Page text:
- HD 1080p slow motion at 120 fps will produce a 1 hour 6 minute video.
- HD 1080p slow motion at 240 fps will produce a 24 minute video.
- 4K HD at 24 fps will create an hour and 24 minute video.
- 4K HD at 30 fps will make a video of 1 hour and 6 minutes.
- 4K HD at 60 fps will produce a 30 minute video.
The recording times given will increase with more storage which is proportional and decreases at worst. So, if you have 24 GB, you can expect the length of the previous video to roughly double.
Tips for iPhone Video Recording
Check out the following tips to get the most out of your videos.
Use better alternatives to the default Apple Camera app
Perhaps you want to produce higher quality videos than what the official Apple Camera app offers. If so, you can opt for another video recording app, such as Film Pro, found in the App Store. This application allows you to use 50 Mbit/Sec, a rate higher than the standard 24 Mbit/Sec. Consider that the higher the bitrate, the more space the video will take up.
Make sure the area you are going to record in is well lit. Light is a factor that affects all mobile cameras. Also, try not to use different light sources as the camera lens may have difficulty combining the different colors emitted by each light source.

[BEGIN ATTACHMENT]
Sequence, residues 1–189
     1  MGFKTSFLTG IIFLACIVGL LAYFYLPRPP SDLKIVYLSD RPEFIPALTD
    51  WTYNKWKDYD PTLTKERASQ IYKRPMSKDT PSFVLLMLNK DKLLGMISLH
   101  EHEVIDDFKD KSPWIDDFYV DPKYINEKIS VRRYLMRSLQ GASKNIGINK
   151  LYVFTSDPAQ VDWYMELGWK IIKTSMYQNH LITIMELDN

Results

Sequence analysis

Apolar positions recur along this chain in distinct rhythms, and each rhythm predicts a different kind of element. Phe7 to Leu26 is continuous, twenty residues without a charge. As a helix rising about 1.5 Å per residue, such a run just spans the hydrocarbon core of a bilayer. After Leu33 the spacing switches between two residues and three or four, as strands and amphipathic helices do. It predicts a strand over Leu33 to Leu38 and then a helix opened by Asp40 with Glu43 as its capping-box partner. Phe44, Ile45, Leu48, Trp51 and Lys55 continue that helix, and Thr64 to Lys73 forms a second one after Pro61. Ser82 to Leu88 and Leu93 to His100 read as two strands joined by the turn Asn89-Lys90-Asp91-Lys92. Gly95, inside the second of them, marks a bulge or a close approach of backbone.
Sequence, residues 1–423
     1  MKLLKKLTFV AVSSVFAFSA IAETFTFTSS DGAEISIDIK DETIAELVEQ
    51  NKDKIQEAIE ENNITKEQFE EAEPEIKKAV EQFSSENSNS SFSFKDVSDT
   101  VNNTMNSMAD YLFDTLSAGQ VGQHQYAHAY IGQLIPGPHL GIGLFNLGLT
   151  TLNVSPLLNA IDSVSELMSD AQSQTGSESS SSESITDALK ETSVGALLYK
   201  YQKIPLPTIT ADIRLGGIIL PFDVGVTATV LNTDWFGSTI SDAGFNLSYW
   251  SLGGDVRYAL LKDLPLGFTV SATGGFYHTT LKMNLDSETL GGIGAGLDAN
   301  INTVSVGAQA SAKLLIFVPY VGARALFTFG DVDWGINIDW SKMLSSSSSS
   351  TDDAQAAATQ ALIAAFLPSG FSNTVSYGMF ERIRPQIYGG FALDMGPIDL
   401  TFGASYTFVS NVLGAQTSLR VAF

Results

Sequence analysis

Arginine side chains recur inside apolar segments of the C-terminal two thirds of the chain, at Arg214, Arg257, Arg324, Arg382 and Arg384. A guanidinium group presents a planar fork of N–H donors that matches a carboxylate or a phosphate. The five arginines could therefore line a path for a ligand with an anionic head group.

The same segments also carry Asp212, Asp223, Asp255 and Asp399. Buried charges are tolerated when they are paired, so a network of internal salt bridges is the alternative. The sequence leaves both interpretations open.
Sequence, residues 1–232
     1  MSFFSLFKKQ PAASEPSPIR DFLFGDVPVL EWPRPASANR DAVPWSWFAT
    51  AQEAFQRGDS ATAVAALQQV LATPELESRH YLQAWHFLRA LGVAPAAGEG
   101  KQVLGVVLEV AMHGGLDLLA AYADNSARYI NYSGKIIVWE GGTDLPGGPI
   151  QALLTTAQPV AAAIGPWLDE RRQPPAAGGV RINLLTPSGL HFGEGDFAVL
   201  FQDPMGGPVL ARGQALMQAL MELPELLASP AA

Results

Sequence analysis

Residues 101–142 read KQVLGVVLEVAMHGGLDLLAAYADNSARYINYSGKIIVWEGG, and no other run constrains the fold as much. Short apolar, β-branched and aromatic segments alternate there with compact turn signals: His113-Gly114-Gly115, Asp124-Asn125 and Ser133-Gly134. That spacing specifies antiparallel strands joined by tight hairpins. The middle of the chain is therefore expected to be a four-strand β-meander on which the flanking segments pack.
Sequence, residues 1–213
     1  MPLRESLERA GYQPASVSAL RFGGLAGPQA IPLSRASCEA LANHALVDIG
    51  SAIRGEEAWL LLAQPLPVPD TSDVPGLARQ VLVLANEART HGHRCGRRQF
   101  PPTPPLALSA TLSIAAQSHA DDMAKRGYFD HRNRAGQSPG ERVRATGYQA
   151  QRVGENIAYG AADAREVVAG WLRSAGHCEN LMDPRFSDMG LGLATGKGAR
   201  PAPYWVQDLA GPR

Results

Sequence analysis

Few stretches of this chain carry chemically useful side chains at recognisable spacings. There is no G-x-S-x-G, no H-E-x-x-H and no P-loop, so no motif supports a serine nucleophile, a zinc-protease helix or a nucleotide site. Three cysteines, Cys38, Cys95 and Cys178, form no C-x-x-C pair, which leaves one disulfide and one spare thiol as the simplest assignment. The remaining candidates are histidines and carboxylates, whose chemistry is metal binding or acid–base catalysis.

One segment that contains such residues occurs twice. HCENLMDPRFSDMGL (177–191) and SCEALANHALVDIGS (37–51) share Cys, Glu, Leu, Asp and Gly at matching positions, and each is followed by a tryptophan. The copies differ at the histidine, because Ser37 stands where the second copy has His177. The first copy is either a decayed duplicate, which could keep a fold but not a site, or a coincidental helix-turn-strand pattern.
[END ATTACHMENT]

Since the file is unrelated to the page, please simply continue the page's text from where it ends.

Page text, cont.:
Adjust your screen brightness for recording
If you plan to record for a long session, keeping the screen brightness as low as possible will reduce battery consumption. This allows for slightly longer sessions if for some reason you cannot charge the iPhone while recording.
Adjust your white balance
If you want to make sure your video looks natural and has the right colors, you can manually adjust the white balance. Adjusting the white balance allows you to achieve as accurate colors as possible.
Record horizontally with a stand and using airplane mode
Make sure to record your videos horizontally in airplane mode. Bring a support to the table for stability, if needed. This combination allows for better video output, saves battery life and brings more productivity by eliminating unforeseen distractions.